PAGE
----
29th December 2015
Interesting Chinese dining etiquette
We all know the Chinese have a rich history of thousands and thousands years. There are plenty of etiquettes when it comes to doing certain things on a daily basis. Although a lot of etiquettes are not commonly practiced these days but the most significant one that you might be interested is the dining etiquette.
1. Don’t turn over the fish In a typical Chinese restaurant, a fish dish is usually served as a whole. After finishing the topside of the fish, we have the tendency to flip it over to continue eating the other side. But do you know what does that action means in the past? It means, “You have capsized the boat”. Back in the days, a lot of regions rely on fishing as a livelihood and fish symbolizes the boat. If you turn it over, you are casting some kind of bad luck to fishermen. It doesn’t mean you have to throw away half of the fish, there is a “technique” to it. So instead of turning it over, you can pick up the backbone of the fish near the tail entirely and continue eating the meat.
2. Birthday noodles is the cake in the past Some people still carry out with this Chinese tradition today. Instead of cutting birthday cakes, you have birthday noodles. The longer the noodles, the better it means. Birthday noodles symbolize longevity. Therefore, try not to cut the noodles because it means cutting off your life, which isn’t something you would want to do on your special day. Cutting only applies to cutting it purposely using a knife or chopsticks. Biting is acceptable.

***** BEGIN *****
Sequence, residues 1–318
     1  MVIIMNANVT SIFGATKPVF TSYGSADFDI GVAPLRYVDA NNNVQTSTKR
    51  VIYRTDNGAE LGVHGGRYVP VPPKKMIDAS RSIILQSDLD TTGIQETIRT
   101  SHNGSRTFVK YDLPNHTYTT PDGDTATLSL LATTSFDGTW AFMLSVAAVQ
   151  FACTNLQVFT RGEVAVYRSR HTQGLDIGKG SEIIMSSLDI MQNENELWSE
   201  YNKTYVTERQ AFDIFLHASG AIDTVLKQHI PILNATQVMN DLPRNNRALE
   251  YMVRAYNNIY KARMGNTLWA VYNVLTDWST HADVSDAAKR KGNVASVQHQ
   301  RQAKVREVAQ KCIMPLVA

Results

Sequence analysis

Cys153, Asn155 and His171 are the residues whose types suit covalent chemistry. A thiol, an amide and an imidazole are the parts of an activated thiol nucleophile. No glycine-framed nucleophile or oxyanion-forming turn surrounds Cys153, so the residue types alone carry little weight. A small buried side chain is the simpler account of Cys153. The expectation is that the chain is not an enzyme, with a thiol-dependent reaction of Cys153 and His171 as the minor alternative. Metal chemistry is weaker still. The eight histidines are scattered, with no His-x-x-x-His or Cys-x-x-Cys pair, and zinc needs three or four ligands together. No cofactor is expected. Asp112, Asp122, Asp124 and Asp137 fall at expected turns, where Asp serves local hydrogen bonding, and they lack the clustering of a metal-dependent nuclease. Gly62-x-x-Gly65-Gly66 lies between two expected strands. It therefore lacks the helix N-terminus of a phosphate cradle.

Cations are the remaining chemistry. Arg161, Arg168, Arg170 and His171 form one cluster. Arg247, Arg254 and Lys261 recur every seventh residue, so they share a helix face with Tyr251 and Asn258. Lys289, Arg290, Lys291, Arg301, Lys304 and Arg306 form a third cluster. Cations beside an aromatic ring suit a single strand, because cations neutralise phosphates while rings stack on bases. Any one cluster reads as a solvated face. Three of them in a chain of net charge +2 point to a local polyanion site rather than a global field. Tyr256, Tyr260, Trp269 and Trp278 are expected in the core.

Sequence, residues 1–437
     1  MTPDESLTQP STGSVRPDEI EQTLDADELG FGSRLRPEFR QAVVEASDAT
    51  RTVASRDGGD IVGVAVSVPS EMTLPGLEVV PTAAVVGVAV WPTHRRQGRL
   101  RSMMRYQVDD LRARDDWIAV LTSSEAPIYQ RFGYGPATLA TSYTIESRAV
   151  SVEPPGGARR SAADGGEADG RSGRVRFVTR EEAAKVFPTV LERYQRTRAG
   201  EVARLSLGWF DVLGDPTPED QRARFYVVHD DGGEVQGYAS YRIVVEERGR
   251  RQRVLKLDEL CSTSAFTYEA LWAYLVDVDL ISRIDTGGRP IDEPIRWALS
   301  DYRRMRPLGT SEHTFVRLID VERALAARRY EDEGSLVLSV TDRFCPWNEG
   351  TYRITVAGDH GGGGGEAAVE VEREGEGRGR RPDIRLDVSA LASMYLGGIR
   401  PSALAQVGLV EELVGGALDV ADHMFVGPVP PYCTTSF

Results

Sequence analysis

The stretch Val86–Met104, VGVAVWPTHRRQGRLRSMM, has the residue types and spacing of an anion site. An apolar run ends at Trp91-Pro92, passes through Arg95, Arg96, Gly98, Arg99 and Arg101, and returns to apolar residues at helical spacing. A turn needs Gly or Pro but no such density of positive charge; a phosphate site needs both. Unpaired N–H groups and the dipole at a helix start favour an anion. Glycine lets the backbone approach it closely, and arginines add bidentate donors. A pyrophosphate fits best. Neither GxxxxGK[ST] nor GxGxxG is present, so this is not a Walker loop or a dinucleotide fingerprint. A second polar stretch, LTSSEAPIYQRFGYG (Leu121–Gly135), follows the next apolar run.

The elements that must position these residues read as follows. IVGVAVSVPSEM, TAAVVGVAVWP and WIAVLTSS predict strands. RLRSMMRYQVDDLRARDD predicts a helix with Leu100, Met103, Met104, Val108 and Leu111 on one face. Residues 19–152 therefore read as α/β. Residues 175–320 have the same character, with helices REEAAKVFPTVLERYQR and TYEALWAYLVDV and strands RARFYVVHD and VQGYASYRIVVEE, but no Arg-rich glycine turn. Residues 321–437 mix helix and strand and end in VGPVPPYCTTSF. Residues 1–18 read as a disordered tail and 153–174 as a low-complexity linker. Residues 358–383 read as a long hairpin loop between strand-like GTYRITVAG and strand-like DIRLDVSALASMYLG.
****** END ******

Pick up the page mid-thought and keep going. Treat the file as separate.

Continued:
3. Tea tapping is a must Your teacup shouldn’t be dry, it should be regularly be refilled. Every time someone tops up your teacup, tap the table with two fingers, as it is a show of thanks. But of course, saying thank you is acceptable as well. There is a very cute story behind this. There was once an emperor who often toured his kingdom undercover. One night, at a teahouse, he poured tea for his accompanying servants. Traditionally, his servants have to kneel sown to show respect but they can’t blow his cover, so instead they bowed for the honor with their fingers.
4. Even number of dishes preferably When dining outside with a large group, make sure you order enough food. A rule of thumb is to order dishes equivalent to the number of people, plus one or two. Never odd number of dishes as odd number symbolizes death because only funeral meal serves odd number of dishes. However, this only applies to a more formal setting or event.
These are some of the Chinese dining etiquettes that have been passed down since thousands of years ago. Some people still practice it while some do. However, it is always interesting to know and even practice it the next time you dine in a Chinese restaurant! Next week, we shall talk about the Chinese chopsticks etiquette.